‘One country, two systems’: what Hong Kong can learn from Macau
My guess is that no one in Beijing lost any sleep over Macau’s Legislative Assembly elections yesterday. And they shouldn’t. There were no surprises. It is the least contested election in Macau with only 14 electoral lists competing for 14 directly elected seats.
It didn’t start out that way. Nineteen lists consisting more than 150 candidates were running until five lists and 20 candidates were disqualified after the Electoral Affairs Commission found that they had been disloyal to Macau and unsupportive of the Macau Basic Law.
And as a result, only one token pro-democracy candidate list – led by the very mild Jose Pereira Coutinho – remained.
And so if any of us here in Hong Kong are wondering what our Legislative Council elections, scheduled for the end of the year, will be like, look no further than Macau. We should be looking at Macau because it is now the exemplar of “one country, two systems”, showing Hong Kong a political path that would not incur Beijing’s wrath.
Not only that, Macau is also going where Hong Kong has never gone before: it is being tasked with running its system within the other system. Specifically, Beijing’s new plan for Hengqin, an island in Zhuhai being transformed into an economic zone, calls for Macau to run one country, two systems there, and that’s huge.
Once upon a time, it was hoped that Hong Kong would prove that one country, two systems was the best way forward and facilitate what would ultimately be the country’s reunification.
Visiting Macau in 2019, President Xi Jinping said that it is Macau that has provided “a gorgeous chapter” in the short history of the one country, two systems experiment. Macau chief executive Ho Iat-seng: “Macau will be an example of China’s reunification.”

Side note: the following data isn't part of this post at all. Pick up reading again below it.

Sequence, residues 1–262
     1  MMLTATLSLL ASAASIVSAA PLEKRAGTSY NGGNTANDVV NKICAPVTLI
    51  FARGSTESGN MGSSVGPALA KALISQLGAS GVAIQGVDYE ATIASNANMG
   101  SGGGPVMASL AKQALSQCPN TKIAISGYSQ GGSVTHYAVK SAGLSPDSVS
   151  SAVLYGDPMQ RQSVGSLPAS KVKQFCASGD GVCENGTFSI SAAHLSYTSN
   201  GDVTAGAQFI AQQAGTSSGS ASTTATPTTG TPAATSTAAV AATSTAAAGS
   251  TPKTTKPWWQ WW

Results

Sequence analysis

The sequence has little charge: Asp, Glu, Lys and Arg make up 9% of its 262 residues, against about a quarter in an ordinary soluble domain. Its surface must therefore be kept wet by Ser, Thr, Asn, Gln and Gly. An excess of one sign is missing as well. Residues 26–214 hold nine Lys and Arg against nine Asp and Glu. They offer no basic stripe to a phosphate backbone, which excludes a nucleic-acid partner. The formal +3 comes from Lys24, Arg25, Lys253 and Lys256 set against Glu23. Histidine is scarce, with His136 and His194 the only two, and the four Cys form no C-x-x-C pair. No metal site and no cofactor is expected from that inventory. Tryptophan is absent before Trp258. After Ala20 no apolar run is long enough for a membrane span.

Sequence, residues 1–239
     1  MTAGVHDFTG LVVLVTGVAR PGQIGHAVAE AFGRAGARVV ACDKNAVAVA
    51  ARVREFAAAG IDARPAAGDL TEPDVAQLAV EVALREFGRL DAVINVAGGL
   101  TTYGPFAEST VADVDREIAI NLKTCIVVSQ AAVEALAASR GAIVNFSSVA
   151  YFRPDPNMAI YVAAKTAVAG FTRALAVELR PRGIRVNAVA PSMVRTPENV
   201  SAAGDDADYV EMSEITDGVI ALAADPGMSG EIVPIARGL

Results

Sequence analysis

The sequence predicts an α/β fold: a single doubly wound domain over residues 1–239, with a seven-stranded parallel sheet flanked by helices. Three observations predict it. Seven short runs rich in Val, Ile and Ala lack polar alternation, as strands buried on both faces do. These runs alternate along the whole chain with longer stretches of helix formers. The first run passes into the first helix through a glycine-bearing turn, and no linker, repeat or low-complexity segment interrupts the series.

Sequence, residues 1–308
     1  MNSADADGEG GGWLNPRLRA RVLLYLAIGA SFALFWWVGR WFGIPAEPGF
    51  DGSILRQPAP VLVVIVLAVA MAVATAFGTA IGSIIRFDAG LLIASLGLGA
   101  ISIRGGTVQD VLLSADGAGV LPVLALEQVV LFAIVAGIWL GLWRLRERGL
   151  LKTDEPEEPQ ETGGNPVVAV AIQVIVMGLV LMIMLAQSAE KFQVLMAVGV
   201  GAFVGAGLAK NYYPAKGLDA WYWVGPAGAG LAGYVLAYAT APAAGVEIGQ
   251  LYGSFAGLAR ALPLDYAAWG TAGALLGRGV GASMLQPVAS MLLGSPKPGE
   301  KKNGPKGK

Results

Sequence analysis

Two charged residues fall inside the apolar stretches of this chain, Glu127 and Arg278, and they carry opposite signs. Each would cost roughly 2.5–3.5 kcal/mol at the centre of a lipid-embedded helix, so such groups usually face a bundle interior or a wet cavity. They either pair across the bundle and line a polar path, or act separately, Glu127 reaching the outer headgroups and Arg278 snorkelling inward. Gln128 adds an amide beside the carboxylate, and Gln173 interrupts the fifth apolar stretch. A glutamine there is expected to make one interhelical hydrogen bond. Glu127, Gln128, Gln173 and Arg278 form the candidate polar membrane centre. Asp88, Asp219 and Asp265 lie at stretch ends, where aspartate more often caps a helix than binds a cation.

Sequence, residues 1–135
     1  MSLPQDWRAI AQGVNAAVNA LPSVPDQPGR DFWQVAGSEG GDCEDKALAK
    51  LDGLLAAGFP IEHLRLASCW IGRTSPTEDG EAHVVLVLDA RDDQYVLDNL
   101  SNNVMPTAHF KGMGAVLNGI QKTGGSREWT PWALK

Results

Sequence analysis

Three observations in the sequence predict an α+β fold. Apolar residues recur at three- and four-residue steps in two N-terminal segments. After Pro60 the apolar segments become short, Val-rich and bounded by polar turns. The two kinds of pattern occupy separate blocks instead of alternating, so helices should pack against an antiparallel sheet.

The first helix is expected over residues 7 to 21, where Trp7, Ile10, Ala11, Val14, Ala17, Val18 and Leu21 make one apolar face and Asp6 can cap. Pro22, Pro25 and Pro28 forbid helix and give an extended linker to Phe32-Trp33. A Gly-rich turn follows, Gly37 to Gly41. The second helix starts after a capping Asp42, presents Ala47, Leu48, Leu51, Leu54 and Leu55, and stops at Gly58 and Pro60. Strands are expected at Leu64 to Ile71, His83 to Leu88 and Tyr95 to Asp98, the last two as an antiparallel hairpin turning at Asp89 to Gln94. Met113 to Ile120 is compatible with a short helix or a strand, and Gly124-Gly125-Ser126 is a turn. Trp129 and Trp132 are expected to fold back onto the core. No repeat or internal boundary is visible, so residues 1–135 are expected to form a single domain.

And so it is the “Macau model” that the country has embraced, and it is Macau that is being allowed to take the lead ahead of Hong Kong.
Beijing’s master plan for integration includes Hong Kong, to be sure, so this is no time for sour grapes. Compared with the role envisioned for Macau in Hengqin, however, Hong Kong’s proposed role in Qianhai, an economic zone in Shenzhen, is more indicative of Beijing’s desire to rein in Hong Kong. Hong Kong must accept that it is part of a much larger picture, take into account what the country is doing, and fit in.
In other words, to enjoy the backing of the country, we are no longer free to turn our backs on it.
Hong Kong has all along considered one country, two systems as a way to set ourselves apart from the rest of the country. That kind of thinking set us on a diverging path. In contrast, for Macau and Beijing, the one country, two systems principle is about integration and convergence.
For those who have been complaining about “mainlandisation”, take note of Beijing’s treatment of both Hong Kong and Macau. Beijing is serious about integration, about inviting the two cities to contribute, to play distinct roles, albeit in very different ways.
Last week, a press conference brought together senior Beijing officials and Greater Bay Area representatives to sell the central government’s plan to expand Qianhai, which would be an opportunity to collaborate with Hong Kong in areas including technology and finance.
Again, Beijing is not talking about taking over or overpowering us. It is extending to us an invitation to interact with, engage with, and have an impact on the rest of the country.
The Hong Kong model of one country, two systems veered off course, and hit a rut over our differences. An overemphasis on how different we are from the rest of the country made it hard to see common ground, find common interests and collaborate.
Some of us may not like Beijing’s aversion to political surprises, but it doesn’t mean we need to keep pushing its buttons.
As long as Beijing doesn’t swoop in again to clean up after us politically, we can surely map out a brighter future for one country, two systems.
Alice Wu is a political consultant and a former associate director of the Asia Pacific Media Network at UCLA